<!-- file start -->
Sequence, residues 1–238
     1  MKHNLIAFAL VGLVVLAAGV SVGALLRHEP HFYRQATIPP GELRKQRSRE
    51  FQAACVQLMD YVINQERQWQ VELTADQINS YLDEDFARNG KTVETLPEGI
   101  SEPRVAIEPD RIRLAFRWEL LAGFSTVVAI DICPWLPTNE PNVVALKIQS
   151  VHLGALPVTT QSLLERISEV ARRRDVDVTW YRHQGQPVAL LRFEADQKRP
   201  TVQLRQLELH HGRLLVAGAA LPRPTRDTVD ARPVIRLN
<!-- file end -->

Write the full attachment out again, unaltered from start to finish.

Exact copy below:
Sequence, residues 1–238
     1  MKHNLIAFAL VGLVVLAAGV SVGALLRHEP HFYRQATIPP GELRKQRSRE
    51  FQAACVQLMD YVINQERQWQ VELTADQINS YLDEDFARNG KTVETLPEGI
   101  SEPRVAIEPD RIRLAFRWEL LAGFSTVVAI DICPWLPTNE PNVVALKIQS
   151  VHLGALPVTT QSLLERISEV ARRRDVDVTW YRHQGQPVAL LRFEADQKRP
   201  TVQLRQLELH HGRLLVAGAA LPRPTRDTVD ARPVIRLN